|Publication number||US3781051 A|
|Publication date||Dec 25, 1973|
|Filing date||Mar 16, 1972|
|Priority date||Mar 16, 1972|
|Publication number||US 3781051 A, US 3781051A, US-A-3781051, US3781051 A, US3781051A|
|Original Assignee||J Gibson|
|Export Citation||BiBTeX, EndNote, RefMan|
|Referenced by (3), Classifications (10)|
|External Links: USPTO, USPTO Assignment, Espacenet|
llnited States Patent 91 Gibson et al.
[ Dec. 25, 1973 MATCH HOLDER 22 Filed: Mar. 16, 1972 211 App]. No.: 235,246
 US. Cl 294/1 R, 279/43, 287/111,
294/19 R  I Int. Cl. B25g 3/20  Field-of Search 294/1 R, 19 R, 21;
3,256,031 6/1966 Fillweber 306/28 X Primary Examiner-Even C. Blunk Assistant Examiner.lohnn'y D. Cherry Attorney-H. Talman Dybvig [5 7] ABSTRACT A match holder comprises a split sleeve of resilient material such as spring steel. A single slit in the sleeve has a relatively narrow width at one end of the sleeve, a relatively wide width at the other end of the sleeve, and an intermediate portion in which the slit is tapered so as to diverge from its narrow width to its wide width. The sleeve, while generally cylindrical, is constructed with a greater diameter at the end thereof where the slit is wide. Latch means locally enlarging the slit at a part thereof where the slit is narrow are used in combination with an appropriately shaped rod member to allow a convenient attachment of an extension rod to the match holder.
1 Claim, 4 Drawing Figures MATCH HOLDER BACKGROUND OF THE INVENTION 1. Field of the Invention This application relates to a match holder and more particularly to a match holder designed to hold both conventional book matches and conventional wood shafted matches. The invention further relates to a novel means for attaching the match holder to an extension device, however, the invention is not necessarily so limited.
2. Description of the Prior Art Examples of prior art match holding devices appear in US. Pat. Nos. 397,923, 407,883, 412,425, and 2,601,455.
SUMMARY OF THE INVENTION The match holder of the present invention comprises a split sleeve of resilient material such as spring steel. A single slit in the sleeve has a relatively narrow width at one end of the sleeve, a relatively wide width at the other end of the sleeve, and an intermediate portion in which the slit is tapered so as to diverge from its narrow width to its wide width. The sleeve, while generally cylindrical, is constructed with a greater diameter at the end thereof where the slit is wide than at the end thereof where the slit is narrow. The sleeve is sized at its large diameter end to receive a conventional wooden match such as a kitchen match which may be wedged by force toward the smaller end of the sleeve so as to resiliently expand the diameter of the sleeve, thus developing a restoring force which causes the sleeve to compressively grip the match.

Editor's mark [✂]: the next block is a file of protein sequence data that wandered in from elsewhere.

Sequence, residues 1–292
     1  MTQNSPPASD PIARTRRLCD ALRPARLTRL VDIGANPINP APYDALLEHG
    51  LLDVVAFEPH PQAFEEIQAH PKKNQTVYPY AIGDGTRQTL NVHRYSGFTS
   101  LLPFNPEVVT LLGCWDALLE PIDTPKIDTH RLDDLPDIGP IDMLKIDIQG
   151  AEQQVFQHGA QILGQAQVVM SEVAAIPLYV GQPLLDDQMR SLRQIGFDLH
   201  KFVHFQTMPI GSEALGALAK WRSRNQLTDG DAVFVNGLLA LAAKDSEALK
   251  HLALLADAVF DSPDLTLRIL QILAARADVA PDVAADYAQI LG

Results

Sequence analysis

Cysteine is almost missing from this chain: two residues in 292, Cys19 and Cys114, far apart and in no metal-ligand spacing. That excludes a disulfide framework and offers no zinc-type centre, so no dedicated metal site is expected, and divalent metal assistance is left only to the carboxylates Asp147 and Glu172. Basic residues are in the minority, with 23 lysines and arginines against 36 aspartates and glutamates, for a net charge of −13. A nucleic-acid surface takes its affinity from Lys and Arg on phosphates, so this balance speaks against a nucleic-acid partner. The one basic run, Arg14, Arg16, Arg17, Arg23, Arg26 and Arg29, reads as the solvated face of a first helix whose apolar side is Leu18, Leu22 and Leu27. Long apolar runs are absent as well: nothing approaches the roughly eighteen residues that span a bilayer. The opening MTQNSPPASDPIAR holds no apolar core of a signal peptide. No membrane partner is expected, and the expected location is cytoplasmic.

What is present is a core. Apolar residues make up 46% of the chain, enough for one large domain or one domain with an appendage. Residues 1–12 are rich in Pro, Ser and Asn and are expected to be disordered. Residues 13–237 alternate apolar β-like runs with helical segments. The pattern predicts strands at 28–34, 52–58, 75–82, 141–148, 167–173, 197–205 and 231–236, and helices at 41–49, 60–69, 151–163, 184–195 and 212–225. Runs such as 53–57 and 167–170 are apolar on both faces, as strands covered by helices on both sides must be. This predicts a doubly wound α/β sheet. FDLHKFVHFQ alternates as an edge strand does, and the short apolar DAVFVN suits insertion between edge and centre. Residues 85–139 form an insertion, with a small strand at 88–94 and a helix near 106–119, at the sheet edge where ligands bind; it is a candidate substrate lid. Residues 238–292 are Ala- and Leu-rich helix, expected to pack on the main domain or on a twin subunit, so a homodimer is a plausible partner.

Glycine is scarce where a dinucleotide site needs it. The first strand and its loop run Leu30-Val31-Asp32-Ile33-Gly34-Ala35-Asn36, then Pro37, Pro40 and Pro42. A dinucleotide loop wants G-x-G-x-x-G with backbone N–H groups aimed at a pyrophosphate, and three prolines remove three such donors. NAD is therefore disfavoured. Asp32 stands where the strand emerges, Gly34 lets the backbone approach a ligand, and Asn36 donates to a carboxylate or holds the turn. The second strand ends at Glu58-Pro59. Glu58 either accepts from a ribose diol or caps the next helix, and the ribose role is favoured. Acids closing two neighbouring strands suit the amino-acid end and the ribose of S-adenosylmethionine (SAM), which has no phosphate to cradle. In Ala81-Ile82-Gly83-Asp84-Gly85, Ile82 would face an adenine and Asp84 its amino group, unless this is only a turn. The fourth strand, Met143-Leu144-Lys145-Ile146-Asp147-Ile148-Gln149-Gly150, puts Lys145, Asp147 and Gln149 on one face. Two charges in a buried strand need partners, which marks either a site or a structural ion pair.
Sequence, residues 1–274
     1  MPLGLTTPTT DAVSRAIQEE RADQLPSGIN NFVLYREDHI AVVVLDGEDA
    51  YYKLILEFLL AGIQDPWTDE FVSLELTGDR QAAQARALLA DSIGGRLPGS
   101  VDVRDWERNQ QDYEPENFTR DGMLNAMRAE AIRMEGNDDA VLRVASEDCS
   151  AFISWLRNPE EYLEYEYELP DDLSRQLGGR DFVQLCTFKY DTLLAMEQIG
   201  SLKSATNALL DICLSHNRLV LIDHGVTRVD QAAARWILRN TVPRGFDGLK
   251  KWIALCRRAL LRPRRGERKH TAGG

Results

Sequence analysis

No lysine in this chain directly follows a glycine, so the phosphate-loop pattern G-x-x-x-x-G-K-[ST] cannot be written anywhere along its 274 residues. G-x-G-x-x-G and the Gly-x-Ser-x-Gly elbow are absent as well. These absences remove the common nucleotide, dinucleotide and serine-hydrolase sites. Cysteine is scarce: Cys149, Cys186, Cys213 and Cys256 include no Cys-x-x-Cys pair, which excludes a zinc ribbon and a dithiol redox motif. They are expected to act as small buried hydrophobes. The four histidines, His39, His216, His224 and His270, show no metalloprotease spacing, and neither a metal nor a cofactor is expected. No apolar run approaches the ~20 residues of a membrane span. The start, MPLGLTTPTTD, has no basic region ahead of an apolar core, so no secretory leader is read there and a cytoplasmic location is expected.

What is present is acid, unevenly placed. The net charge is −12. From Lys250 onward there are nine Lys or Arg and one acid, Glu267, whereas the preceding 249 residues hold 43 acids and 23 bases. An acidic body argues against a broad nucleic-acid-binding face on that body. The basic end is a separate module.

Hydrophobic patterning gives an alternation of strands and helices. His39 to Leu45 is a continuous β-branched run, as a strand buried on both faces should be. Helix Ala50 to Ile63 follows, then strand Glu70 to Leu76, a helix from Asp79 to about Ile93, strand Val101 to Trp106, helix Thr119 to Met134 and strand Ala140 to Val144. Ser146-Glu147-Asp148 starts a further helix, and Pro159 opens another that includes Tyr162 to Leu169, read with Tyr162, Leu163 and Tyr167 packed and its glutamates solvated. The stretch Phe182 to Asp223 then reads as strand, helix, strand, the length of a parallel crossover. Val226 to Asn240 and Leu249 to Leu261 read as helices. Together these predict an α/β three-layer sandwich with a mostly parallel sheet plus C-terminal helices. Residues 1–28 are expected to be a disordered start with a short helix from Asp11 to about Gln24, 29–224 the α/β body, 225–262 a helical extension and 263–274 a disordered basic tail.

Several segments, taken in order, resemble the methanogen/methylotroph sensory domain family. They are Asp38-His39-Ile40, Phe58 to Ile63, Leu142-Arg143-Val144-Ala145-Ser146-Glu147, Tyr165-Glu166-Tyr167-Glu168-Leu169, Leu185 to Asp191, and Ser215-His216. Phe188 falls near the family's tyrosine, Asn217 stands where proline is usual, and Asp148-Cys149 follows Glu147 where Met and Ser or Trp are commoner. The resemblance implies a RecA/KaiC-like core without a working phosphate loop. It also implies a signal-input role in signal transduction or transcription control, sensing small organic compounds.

The slit is also sized at its wider end to receive the thickness of a conventional book match positioned with its broad sides generally radial with respect to the axis of the sleeve. An axial force driving the match toward the narrow end of the slit then becomes effective to wedge the book match into the tapered portion of the sleeve, thus expanding the diameter of the sleeve so as to develop a restoring force which compressively grips'the book match.
Latch means locally enlarging the slit at the narrow end of the split sleeve are used in combination with an appropriately shaped rod member to allow a convenient attachment of an extension rod to the match holder.
An object of the present'invention is to provide a new and improved match holder.
Another object of the present invention is to provide a match holder adapted to hold both wood shafted matches and book matches.
Another object of the present invention is to provide an improved latch for joining a rod member to a split tubular member.
Other objects and advantages reside in the construction of parts, the combination thereof, the method of manufacture and the mode of operation, as will become more apparent from the following description.
BRIEF DESCRIPTION OF THE DRAWING In the drawings FIG. l is a fragmentary perspective view illustrating a match holder in accordance with the present invention assembled to an extension rod.
FIG. 2 is a plan view of the match holder of the present invention illustrating, in phantom detail, the assembly of a book match thereto.
FIG. 3 is a fragmentary sectional view illustrating one step in the assembly of the extension rod to the match holder.
FIG. 4 is a fragmentary sectional view illustrating the match holder assembled to an extension rod and illustrating, in fragmentary fantom detail, the assembly of a conventional kitchen match to the match holder.